5 things we learned from the leaders’ debates for the smaller parties

“I’m not Natalie.”

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When Theresa May and Jeremy Corbyn are away, what conversations happen among the smaller party leaders? Do they all agree about how nefarious the government is and hopeless the opposition is and then hold hands and form a progressive alliance?

Not likely.

Here are the five things we learned from ITV’s debate between SNP leader Nicola Sturgeon, Ukip leader Paul Nuttall, Plaid Cymru leader Leanne Wood, Lib Dem leader Tim Farron and Green party co-leader Caroline Lucas. A panel that ended rather frostily, with Wood refusing to shake hands with Nuttall, and only the most cursory of handshakes between Farron and Lucas.

1 Paul Nuttall thinks all women look the same

The Ukip leader addressed two out of three women on the panel as “Natalie”. None of them are called Natalie. Perhaps he was thinking of former Green party leader Natalie Bennett. Or the Scot Nats. Or the actor Natalie Wood, instead of Leanne Wood. Either way, a massive and enjoyable gaffe from a man who will never, try as he might, be mistaken for a Nigel.


2 “I agree with Tim”

The phrase “I agree with Tim” popped up a number of times during the debate. And not just as a hashtag on the Lib Dem press office’s Twitter feed. Nicola Sturgeon said it, as did – believe it or not – Paul Nuttall. The phrase is reminiscent of the “I agree with Nick” debates of Cleggmania prior to the 2010 election, but also indicates a problem for the Lib Dems. If they have Sturgeon on one side and Nuttall on the other agreeing with them, they’re back in the position they were in before the 2015 election when they were so badly trounced – middle-of-the-road is not an election winner, as many senior Lib Dems concluded following the election result, after a campaign of trying to be Labour with a brain, and the Tories with a heart. And even if Farronmania became a thing, it wouldn’t even get them to small coalition party status this time round.

3 Not a good look for Labour and the Tories...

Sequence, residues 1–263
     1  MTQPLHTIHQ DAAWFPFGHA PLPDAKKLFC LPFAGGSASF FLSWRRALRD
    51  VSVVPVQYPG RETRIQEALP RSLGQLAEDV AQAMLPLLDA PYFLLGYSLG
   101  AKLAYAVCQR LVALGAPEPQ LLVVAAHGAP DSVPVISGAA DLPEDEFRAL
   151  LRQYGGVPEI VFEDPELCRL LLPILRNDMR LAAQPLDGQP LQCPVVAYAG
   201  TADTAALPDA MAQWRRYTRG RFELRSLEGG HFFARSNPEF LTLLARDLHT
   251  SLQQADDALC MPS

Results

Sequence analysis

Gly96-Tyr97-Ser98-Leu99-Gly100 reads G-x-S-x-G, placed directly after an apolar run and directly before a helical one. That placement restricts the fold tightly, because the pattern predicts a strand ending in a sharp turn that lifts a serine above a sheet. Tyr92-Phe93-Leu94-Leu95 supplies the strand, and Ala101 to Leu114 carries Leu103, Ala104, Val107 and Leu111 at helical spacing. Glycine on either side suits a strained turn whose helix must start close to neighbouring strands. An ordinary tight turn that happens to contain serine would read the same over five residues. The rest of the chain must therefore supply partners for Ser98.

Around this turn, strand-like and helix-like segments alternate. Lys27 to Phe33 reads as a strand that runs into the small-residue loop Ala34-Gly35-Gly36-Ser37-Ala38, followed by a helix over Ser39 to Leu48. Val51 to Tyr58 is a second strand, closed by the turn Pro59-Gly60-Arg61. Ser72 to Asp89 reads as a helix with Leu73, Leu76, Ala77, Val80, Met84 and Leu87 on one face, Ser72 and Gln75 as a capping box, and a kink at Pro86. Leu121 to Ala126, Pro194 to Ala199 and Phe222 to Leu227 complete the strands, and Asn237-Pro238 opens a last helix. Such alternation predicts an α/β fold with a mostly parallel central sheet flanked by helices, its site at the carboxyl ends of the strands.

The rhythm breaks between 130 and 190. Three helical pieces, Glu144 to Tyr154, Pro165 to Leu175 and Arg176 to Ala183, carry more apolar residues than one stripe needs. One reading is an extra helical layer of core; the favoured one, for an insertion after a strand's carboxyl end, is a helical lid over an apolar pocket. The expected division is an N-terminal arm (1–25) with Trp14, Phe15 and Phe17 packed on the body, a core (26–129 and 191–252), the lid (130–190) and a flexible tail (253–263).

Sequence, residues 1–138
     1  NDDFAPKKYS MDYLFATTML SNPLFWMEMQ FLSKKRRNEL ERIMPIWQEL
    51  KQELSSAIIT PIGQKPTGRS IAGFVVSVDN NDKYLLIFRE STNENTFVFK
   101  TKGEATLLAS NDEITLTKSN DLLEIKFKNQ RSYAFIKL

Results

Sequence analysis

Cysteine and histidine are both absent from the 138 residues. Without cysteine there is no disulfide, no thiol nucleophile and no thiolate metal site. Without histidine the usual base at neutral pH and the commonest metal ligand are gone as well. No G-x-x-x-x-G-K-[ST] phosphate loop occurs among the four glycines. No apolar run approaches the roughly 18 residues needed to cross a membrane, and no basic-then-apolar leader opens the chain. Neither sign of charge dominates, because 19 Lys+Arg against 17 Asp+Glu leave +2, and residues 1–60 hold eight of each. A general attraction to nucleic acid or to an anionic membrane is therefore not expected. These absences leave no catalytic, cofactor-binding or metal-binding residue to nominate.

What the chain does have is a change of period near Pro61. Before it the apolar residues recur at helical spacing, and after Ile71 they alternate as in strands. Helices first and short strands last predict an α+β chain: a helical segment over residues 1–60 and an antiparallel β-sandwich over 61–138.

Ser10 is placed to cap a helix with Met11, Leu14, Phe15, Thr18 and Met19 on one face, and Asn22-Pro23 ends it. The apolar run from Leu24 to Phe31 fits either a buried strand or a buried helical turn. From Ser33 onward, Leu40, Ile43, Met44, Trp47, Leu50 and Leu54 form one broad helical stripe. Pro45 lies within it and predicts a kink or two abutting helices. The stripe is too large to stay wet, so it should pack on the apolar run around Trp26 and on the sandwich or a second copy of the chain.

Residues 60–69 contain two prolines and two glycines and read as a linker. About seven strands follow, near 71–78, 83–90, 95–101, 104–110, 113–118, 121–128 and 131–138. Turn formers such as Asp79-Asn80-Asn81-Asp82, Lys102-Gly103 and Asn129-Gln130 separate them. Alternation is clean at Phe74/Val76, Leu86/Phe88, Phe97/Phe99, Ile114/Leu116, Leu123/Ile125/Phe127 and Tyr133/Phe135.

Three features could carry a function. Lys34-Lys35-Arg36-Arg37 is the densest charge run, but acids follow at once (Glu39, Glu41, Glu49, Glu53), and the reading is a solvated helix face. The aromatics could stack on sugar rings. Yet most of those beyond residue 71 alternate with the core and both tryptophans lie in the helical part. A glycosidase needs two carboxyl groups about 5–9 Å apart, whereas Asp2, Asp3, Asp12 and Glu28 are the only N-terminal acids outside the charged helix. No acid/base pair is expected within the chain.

The received Westminster wisdom is that there is little point in Jeremy Corbyn and Theresa May taking part in these debates. It is pointless making themselves vulnerable alongside leaders who have nothing to lose – or lowering themselves to the same level as the smaller parties in Parliament, the argument goes. Perhaps, but in an election where a thumping Tory victory is thought to be a foregone conclusion, and a divided Labour is an unattractive choice, these party leaders certainly sound refreshing. It’s considered “safer” by voters to back parties that will never take power when they know what the election result will be, and strong performances, particularly by good media performers like Caroline Lucas, will boost this sentiment.

It didn’t help matters that both Labour and the Conservative press offices tweeted along to the debate, picking apart the answers, despite their leaders refusing to take part:

4 …but this is very much a general election of two personalities

Unlike Cleggmania and the ensuing coalition in 2010, and the multi-party excitement in the build-up to the 2015 election, the debate highlighted that this year’s general election is only about two parties: the Tories and Labour. With the polls predicting a stonking majority, the smaller parties’ proposals feel like they have less weight than previous years because, for the first time in a while, there’s no prospect of coalition or minority government.

And it’s not only about the two main parties. It’s about two individuals in particular. The Conservative campaign is running a presidential bid for government, calling itself “Theresa May’s Team”, and playing down the party’s name, whereas Labour’s campaign bus and many of its MPs are attempting to do the opposite, in response to Corbyn’s abysmal personal ratings. There are only two people who are really shaping the election result, and neither of them was here.

5 It’s not all about Brexit

Strangely, considering two of these politicians (Farron and Nuttall) have hinged their campaigns on the subject of Brexit, all the party leaders were least convincing when they were discussing the B-word. Perhaps it’s because the “Re-Leaver” theory (that many of those who voted Remain have accepted the referendum result and don’t want the result reversed) resonates, or maybe it simply feels stale to stage a rerun of the referendum campaign, but their ideas on housing, climate change, education and health were more compelling than their stance on how (or whether) the UK should leave the European Union.

Anoosh Chakelian is the New Statesman’s Britain editor.

She co-hosts the New Statesman podcast, discussing the latest in UK politics.

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